9 Types of Hairless Cats and How to Care For Them


The Sphynx is the original and most popular hairless cat breed, characterized by its sleek, elegant body and lack of fur due to a naturally occurring recessive genetic mutation. 


Next is the Donskoy, also known as the Don Sphynx or Russian hairless. Unlike the Sphynx, a dominant gene causes the Donskoy's hairless look. 


The Bambino is an adorable mix between a Sphynx and a Munchkin, resulting in a tiny, kitten-like cat. Some Bambinos are completely hairless, while others have a bit of fuzz. 

Ukrainian Levkoy 

The Ukrainian Levkoy, a cross between a Donskoy and a Scottish Fold, is distinguished by its folded ears and ranges from completely hairless to having a thin layer of velvety fuzz.


The Elf cat, developed by crossing a Sphynx with an American Curl, looks like Dobby from Harry Potter. Despite their rare, nude appearance, Elves are sociable, friendly, and affectionate.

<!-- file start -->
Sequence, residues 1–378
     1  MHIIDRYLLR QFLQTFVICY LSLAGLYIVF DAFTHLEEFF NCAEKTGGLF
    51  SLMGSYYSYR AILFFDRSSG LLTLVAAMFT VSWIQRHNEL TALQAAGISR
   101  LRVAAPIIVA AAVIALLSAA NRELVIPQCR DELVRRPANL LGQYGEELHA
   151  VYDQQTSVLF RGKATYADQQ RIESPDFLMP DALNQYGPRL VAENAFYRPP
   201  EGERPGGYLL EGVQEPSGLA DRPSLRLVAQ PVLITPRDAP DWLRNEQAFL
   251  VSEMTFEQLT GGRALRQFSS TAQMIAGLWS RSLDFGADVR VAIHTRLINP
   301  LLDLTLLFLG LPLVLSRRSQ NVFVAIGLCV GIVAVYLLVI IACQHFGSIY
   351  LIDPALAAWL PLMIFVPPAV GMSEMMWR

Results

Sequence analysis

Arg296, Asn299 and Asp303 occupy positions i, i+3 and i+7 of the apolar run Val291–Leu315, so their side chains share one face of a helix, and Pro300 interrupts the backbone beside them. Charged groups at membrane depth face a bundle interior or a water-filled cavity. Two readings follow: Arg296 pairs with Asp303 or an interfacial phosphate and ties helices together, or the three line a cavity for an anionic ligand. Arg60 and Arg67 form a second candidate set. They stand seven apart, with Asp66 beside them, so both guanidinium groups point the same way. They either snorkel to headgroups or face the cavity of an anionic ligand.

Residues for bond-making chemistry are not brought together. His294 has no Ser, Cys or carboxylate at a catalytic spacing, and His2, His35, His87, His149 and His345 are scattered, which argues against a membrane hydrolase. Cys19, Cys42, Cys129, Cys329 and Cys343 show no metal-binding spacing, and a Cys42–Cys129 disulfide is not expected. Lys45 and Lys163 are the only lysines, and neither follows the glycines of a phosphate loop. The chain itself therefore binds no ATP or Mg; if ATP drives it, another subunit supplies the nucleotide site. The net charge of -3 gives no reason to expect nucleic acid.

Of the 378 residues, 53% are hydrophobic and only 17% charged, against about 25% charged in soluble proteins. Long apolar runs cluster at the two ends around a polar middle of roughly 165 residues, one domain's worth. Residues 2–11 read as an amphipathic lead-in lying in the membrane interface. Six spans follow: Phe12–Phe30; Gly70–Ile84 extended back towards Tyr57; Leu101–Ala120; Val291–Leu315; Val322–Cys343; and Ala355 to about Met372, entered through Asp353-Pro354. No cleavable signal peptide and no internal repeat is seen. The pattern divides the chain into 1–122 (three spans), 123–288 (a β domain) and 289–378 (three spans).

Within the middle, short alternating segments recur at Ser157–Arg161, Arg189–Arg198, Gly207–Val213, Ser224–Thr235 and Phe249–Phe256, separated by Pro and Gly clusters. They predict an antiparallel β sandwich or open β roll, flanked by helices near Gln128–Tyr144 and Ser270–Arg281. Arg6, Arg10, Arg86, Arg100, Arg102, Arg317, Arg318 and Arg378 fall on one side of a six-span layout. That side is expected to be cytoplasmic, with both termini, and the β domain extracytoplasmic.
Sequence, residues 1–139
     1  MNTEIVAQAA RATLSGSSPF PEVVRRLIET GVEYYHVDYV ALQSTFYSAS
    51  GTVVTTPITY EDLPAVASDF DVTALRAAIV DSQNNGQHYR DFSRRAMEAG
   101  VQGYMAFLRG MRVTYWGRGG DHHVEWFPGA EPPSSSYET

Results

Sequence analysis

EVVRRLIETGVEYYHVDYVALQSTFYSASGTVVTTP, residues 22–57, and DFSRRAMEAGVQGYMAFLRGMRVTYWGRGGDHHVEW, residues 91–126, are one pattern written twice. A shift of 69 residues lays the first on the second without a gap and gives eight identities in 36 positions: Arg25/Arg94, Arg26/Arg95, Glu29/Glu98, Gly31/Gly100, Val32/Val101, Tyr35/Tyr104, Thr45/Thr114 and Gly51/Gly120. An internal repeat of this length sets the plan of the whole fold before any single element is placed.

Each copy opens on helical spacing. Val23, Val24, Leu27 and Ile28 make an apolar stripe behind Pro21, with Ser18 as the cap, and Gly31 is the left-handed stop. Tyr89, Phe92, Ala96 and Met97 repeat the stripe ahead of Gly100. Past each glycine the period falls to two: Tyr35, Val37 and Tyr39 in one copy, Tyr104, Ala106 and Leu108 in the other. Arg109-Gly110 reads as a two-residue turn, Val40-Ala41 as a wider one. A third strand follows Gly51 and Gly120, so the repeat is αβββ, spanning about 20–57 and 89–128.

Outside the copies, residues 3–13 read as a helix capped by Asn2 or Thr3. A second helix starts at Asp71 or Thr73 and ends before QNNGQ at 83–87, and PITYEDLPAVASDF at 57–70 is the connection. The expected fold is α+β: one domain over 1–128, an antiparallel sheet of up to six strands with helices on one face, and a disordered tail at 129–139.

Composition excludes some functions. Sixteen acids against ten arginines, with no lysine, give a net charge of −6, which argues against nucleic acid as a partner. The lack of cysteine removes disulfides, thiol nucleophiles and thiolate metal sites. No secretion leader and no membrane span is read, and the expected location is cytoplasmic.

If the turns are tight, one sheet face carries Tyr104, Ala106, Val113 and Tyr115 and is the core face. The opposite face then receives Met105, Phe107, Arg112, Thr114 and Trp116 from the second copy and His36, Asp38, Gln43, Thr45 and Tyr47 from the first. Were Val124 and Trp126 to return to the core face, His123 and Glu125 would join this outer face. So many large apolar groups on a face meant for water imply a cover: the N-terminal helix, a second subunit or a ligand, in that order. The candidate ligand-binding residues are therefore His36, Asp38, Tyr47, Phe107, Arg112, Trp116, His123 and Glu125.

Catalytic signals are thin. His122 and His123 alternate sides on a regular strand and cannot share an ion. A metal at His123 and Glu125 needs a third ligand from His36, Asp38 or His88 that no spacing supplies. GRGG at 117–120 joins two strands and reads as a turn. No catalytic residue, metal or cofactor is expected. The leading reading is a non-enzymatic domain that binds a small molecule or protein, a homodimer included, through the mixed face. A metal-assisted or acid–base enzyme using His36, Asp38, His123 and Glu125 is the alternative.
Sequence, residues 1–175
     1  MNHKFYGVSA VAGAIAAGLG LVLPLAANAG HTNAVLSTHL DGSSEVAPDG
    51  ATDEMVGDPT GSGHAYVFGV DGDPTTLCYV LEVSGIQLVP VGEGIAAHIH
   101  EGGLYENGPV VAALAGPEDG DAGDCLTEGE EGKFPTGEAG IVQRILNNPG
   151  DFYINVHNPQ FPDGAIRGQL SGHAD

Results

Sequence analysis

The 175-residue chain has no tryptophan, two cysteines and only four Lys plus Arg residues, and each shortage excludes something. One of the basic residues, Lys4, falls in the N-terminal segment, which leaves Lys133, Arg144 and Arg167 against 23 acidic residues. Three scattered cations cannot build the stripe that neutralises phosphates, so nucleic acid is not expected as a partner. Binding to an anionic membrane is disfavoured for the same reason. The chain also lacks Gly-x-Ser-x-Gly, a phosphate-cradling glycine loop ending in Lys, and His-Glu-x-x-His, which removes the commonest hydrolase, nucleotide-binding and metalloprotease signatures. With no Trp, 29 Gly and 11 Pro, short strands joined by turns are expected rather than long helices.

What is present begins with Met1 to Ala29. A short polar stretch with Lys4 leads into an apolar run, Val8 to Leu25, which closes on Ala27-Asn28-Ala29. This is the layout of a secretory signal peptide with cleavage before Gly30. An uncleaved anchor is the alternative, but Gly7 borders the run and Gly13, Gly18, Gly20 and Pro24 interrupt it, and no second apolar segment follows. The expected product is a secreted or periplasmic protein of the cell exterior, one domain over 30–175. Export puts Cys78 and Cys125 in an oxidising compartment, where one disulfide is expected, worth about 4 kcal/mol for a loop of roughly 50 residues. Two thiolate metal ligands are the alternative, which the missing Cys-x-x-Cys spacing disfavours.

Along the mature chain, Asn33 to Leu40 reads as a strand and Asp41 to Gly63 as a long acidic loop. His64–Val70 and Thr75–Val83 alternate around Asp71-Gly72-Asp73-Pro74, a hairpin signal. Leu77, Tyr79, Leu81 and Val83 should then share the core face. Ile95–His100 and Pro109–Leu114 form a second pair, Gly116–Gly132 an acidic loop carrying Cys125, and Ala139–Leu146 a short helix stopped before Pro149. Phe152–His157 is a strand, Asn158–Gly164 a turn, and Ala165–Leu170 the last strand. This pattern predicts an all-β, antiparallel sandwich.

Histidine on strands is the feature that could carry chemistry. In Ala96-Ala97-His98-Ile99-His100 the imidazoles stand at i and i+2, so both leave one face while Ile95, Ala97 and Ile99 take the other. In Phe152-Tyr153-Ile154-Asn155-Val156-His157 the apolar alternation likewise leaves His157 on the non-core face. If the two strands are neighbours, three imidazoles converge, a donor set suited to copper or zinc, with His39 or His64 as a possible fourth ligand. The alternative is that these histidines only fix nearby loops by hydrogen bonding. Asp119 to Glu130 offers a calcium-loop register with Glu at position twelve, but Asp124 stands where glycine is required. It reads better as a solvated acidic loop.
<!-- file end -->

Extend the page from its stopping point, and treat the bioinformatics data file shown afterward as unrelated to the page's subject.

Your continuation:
The Dwelf is a smaller version of the Elf cat, inheriting traits from the American Curl, the Sphynx, and the Munchkin. While prone to health and skeletal issues, Dwelfs love playtime and cuddles with their favorite people.


The Minskin is a miniature hairless breed resulting from crossing a Munchkin with a Sphynx. These cats typically have a layer of fuzz on their points but are hairless on their tummies, making them unique little-legged companions.


The Peterbald, a cross between a Donskoy and an Oriental Shorthair, is often born with fuzz or even a full coat, but may lose this fur over time. 


The Lykoi, nicknamed the "werewolf cat," has a striking look with golden eyes and a black-gray coat that is often bald in patches. Active and talkative, they enjoy a snuggle on the sofa after a long day of activity.